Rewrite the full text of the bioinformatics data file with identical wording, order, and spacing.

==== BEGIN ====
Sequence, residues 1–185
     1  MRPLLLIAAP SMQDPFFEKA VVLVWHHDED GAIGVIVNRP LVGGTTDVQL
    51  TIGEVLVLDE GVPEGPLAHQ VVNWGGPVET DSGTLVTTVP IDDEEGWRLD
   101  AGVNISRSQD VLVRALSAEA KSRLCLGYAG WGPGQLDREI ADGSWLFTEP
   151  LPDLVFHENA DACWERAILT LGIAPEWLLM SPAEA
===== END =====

Sequence, residues 1–185
     1  MRPLLLIAAP SMQDPFFEKA VVLVWHHDED GAIGVIVNRP LVGGTTDVQL
    51  TIGEVLVLDE GVPEGPLAHQ VVNWGGPVET DSGTLVTTVP IDDEEGWRLD
   101  AGVNISRSQD VLVRALSAEA KSRLCLGYAG WGPGQLDREI ADGSWLFTEP
   151  LPDLVFHENA DACWERAILT LGIAPEWLLM SPAEA